call_of_duty_competition

Call of Duty World League Champs Take $800K Prize

By Sports

Activision’s ongoing bet on eSports helped it pack the Fabulous Forum in Inglewood, California (just outside Los Angeles) for its Call of Duty XP fan festival and competition.

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The video game giant capped its biggest event yet over Labor Day weekend with a concert by Snoop Dog and Wiz Khalifa; Snoop famously lent his voice to a content pack for Call of Duty: Ghosts in 2014.

The show followed the championship match where the four-man squad of Team EnVyUs took down Europe’s top entry, Splyce, in the final. The winner’s take as the first Call of Duty World League Champion? They split an $800,000 check out of a total $2 million purse--EnVyUs indeed.

“Winning this event, in front of this crowd is a dream come true,” Jordan “JKAP” Kaplan, Team EnVyUs team captain told FOXBusiness.com.

It also shows how the sport has blown up over the past few years, with 32 teams from eight nations competing in the three-day Call of Duty World League Championship. It’s a far cry from the stereotype of a few guys on headsets playing multi-player games out of their basements for bragging rights.

The battles were broadcast by Activision’s Major League Gaming unit, Amazon’s Twitch, and on YouTube. While viewership numbers for this weekend’s event weren’t made available for this story, the company claims Call of Duty fans had logged more than 1.1 billion minutes of content through 100 million tune ins prior to the XP event.

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The Fabulous Forum: From Fast Breaks to Flag Capture

The Forum gained notoriety as the home of the “Showtime” LA Lakers of “Magic” Johnson, Kareem Abdul-Jabbar, James Worthy, et al running fastbreaks and entertaining crowds on their way to multiple NBA Championships. The team moved in 1999 to the Staples Center in downtown LA.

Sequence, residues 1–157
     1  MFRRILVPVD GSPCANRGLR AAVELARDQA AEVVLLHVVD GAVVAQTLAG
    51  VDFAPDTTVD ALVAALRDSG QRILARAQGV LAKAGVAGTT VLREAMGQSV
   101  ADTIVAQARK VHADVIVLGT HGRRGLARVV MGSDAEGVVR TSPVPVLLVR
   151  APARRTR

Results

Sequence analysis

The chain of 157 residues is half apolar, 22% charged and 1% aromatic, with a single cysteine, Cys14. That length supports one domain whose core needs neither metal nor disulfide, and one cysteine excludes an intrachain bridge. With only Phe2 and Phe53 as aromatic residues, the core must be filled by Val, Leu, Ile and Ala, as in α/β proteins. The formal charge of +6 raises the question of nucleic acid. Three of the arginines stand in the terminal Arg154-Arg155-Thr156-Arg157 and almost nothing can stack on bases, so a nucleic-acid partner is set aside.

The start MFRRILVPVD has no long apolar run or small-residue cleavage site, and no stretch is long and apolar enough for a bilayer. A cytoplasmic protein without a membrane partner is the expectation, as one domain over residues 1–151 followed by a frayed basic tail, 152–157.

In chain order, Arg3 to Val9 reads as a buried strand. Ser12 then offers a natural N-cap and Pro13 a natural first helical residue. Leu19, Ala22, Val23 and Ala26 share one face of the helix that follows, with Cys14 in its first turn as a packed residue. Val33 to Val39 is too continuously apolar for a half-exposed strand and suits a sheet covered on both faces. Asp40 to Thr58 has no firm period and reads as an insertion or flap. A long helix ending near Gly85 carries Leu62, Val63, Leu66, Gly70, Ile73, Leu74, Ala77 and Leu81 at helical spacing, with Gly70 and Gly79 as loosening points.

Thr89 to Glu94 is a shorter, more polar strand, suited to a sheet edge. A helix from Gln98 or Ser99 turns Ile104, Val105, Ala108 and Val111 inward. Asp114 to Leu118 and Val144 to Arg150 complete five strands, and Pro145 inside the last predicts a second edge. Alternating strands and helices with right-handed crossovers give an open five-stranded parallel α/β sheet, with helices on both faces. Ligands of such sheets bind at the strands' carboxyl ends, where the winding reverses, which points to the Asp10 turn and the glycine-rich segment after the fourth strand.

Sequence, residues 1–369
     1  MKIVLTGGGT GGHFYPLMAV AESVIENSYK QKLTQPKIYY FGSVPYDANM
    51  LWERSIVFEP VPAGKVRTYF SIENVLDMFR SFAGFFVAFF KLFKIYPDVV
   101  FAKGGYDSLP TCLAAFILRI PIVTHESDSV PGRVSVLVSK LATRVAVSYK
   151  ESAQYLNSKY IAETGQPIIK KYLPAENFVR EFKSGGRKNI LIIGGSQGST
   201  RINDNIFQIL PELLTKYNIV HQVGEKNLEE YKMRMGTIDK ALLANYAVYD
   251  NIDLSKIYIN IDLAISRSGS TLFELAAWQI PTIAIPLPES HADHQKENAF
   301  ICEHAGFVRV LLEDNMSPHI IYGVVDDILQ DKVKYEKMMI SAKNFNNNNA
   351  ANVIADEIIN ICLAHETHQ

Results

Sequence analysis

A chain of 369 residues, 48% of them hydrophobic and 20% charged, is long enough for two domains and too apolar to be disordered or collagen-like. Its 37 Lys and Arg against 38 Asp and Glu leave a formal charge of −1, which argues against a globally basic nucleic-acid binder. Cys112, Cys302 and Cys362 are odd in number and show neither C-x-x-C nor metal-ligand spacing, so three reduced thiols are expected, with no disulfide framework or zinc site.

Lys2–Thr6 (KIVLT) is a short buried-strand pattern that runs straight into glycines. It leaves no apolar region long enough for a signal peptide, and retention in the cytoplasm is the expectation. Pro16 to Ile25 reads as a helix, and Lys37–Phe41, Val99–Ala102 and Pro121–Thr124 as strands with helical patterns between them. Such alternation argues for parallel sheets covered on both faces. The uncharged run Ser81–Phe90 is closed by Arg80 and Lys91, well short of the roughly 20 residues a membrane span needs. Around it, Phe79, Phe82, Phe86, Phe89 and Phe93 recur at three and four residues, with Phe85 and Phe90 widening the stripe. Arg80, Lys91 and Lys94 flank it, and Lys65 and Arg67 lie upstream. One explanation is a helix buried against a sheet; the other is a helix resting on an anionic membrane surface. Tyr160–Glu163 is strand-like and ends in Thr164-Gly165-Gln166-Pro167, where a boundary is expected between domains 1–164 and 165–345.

Call of Duty is the best-selling franchise in video game history, selling more than 250 million copies, and it is in the vanguard of the industry’s mission to take professional eSports into the mainstream.

“If you love basketball, you play pickup with friends and watch the NBA. Our fans and their friends love playing Call of Duty and watching the pros and learning from them,” Rob Kostich, executive vice president and general manager for Activision’s Call of Duty franchise, told FOXBusiness.com.

Some ten thousand gamers answered Activision’s “call” to sell out the XP event and watch the championships live. “It’s the biggest fan celebration we’ve ever had, the content we have for our fans, it’s eSports at a whole new level,” said Kostich.

Fans onsite were able to play portions from the forthcoming release of Call of Duty: Infinite Warfare and other previews for unreleased game content, there was a VR experience from sponsor Sony PlayStation 4 as well as other game packs and updates as well as real-life fun ziplining and laser tag.

“The whole thing is inspired by our fans and the games we create,” Kostich said, adding, “It’s literally an amusement park that came out of one of our games and we’re trying to create that in digital and physical form.”

Newzoo forecasts that the global eSports market will grow to $1.1 billion by 2019. Activision bought Major League Gaming earlier this year to add a broadcast arm, and brought in former ESPN and NFL Network executive Steve Bornstein for his sports broadcasting expertise.

1,000 teams entered the Call of Duty competition, with the top 32 qualifying for the finals that led to EnVyUs’s victory. The team’s captain, “JKAP” Kaplan declared, “ We all want to see Call of Duty eSports grow and thanks to the support from Activision and developers, we are seeing that growth.”

Activision (ATVI) shares touched a record high heading into the weekend tournament.

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